We don’t do sit-ups or crunches in our programming and some of you may ask why. I came across this article from YURI ELKAIM and it explains things so well I decided to share. It also explains the benefits of the Pallof Press that we do on a fairly regular basis.
“The Truth Behind Your Abs” by YURI ELKAIM
It is time to forget your preconceived notions about your abs: when you really understand how they function, you’ll see why the conventional way of training them doesn’t work.
For starters, many people believe that great abs result from “prime mover” exercises like crunches, sit ups, leg raises, etc.
Unfortunately, this belief doesn’t reflect the true function of the abs or the core, which is to stabilize.
You see, your “abs” consist of much more than just your six-pack. In fact, your abdominals should be viewed more globally, to include your entire core region: extending from just below your chest all the way down and around to your glutes.
This corset of muscle not only gives people a defined, tight core, but also stabilizes the spine and disks, protecting them from unnatural bending or twisting.
Pallof Press Benefits
See why getting a toned, sleek belly involves much more than just working the muscles in the front of your stomach?
To truly tighten up this area, you need to be working the entire core, which includes the deep inner muscles hiding beneath your abs, your obliques, your low back, and upper glute area.
When you do this, you’ll notice that your entire trunk region will become tighter – not just the front region of your abdominals.
So how can you even work all of these muscles if “standard” ab exercises aren’t enough? Let’s take a look at right one of the absolute best core exercises – the Pallof press.
It Works the Core of Your Core
The beauty of the Pallof press is that it challenges and strengthens the stabilization action of your abs. That’s because when you do this exercise, it forces your core to resist the rotation or compression of your spine, which forces your entire core to engage.
This not only helps you build a sleeker core because you’re working it from every angle, but also leads to greater balance and a strong center of power for any type of movement you do on a daily basis.
Want to spend a few hours moving furniture or gardening without worrying about injuring your lower back (plus have a taut tummy to boot)? Spend some time doing the Pallof press.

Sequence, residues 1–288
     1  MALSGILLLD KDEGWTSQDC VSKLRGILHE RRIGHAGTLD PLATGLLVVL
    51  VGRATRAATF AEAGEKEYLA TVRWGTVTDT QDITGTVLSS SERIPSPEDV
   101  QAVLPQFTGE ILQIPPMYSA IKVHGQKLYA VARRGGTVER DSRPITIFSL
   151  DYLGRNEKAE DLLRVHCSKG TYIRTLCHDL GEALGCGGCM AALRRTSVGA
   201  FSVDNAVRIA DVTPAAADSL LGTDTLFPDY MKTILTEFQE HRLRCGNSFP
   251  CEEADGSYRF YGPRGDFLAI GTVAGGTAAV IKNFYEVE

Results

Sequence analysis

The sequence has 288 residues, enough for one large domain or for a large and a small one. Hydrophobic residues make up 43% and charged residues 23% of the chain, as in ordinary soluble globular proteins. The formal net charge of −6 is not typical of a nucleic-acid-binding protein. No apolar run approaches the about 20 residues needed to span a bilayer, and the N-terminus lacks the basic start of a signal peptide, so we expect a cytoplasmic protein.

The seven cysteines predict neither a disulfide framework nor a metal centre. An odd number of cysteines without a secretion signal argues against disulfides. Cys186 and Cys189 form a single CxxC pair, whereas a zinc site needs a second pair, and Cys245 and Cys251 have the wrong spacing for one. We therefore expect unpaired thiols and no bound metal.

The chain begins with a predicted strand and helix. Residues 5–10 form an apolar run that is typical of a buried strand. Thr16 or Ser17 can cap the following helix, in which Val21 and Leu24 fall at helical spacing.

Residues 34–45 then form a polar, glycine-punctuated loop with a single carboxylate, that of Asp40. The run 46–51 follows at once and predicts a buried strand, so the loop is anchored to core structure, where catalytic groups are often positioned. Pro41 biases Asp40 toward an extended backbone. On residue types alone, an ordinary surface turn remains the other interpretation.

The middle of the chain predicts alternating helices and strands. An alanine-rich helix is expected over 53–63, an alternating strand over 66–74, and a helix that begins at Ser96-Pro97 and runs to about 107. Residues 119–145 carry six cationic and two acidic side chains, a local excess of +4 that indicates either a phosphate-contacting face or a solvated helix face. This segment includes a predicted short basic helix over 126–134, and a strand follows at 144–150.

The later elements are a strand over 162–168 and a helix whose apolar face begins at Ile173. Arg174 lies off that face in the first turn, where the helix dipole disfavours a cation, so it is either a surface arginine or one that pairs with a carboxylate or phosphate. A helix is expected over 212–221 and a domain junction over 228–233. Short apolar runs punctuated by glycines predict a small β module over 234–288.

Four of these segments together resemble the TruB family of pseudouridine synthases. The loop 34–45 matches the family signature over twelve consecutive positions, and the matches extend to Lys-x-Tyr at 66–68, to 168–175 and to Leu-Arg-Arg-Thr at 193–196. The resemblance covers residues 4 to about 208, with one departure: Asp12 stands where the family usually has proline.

How It Helps Your Spine
Now that we’re on the subject of back pain and injuries, it’s worth mentioning that the Pallof is superb for preventing and even relieving low-back pain.
The anti-rotation action of the Pallof essentially prevents the spine from being thrown out of its safe position through unnatural twists and bends.
For instance, if you slip or stumble, a strong core will prevent your spine from taking on all of the force and damaging a disk.
The abdominal muscles literally act like body armor for your spine.
This is also the reason crunches and similar movements are terrible for the spine and low back pain. Instead of stabilizing the spine, they actually compress the disks by forcing the spine to bend in an unnatural way.
The Pallof Press
Before we get started with the Pallof, keep in mind that the more narrow your stance is, the harder the Pallof Press will be. So, if you find yourself struggling with balance at first (and you’re not using too much weight), try widening your stance slightly.
3 Common Mistakes
Also, be sure to run through a mental checklist as you set yourself up to do the Pallof Press, avoiding these common mistakes:
- Using too much weight.
- Locking out the knees.
- Not fully extending the arms.
And now, without further ado, let’s get to shredding that core!
Performing the Banded Pallof Press
- Begin by looping your band around a sturdy object (a strong beam or railing). Stand or kneel at a distance where your band is taut, grasping it in both hands at your chest.
- Press your hands in front of you, keeping it at chest level, bracing your core. Hold for a few seconds, then bring your hands back to your chest.
- Repeat for 8 to 12 reps on both sides.
For the full Article, click here: https://yurielkaim.com/pallof-press/